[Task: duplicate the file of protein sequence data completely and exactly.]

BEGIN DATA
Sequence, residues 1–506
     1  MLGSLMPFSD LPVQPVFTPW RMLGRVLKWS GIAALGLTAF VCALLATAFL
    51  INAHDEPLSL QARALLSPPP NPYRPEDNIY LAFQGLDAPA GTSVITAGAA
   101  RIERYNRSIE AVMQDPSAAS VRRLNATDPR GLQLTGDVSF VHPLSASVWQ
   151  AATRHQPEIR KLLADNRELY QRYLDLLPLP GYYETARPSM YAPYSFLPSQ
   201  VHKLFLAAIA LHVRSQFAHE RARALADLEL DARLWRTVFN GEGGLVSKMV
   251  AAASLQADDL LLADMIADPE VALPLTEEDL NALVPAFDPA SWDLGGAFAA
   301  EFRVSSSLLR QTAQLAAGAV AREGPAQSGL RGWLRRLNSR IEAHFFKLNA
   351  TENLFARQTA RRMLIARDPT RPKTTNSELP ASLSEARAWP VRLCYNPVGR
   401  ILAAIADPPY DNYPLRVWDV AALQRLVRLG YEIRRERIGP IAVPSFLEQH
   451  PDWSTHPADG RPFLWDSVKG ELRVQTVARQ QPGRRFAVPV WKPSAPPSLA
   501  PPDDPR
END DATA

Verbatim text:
Sequence, residues 1–506
     1  MLGSLMPFSD LPVQPVFTPW RMLGRVLKWS GIAALGLTAF VCALLATAFL
    51  INAHDEPLSL QARALLSPPP NPYRPEDNIY LAFQGLDAPA GTSVITAGAA
   101  RIERYNRSIE AVMQDPSAAS VRRLNATDPR GLQLTGDVSF VHPLSASVWQ
   151  AATRHQPEIR KLLADNRELY QRYLDLLPLP GYYETARPSM YAPYSFLPSQ
   201  VHKLFLAAIA LHVRSQFAHE RARALADLEL DARLWRTVFN GEGGLVSKMV
   251  AAASLQADDL LLADMIADPE VALPLTEEDL NALVPAFDPA SWDLGGAFAA
   301  EFRVSSSLLR QTAQLAAGAV AREGPAQSGL RGWLRRLNSR IEAHFFKLNA
   351  TENLFARQTA RRMLIARDPT RPKTTNSELP ASLSEARAWP VRLCYNPVGR
   401  ILAAIADPPY DNYPLRVWDV AALQRLVRLG YEIRRERIGP IAVPSFLEQH
   451  PDWSTHPADG RPFLWDSVKG ELRVQTVARQ QPGRRFAVPV WKPSAPPSLA
   501  PPDDPR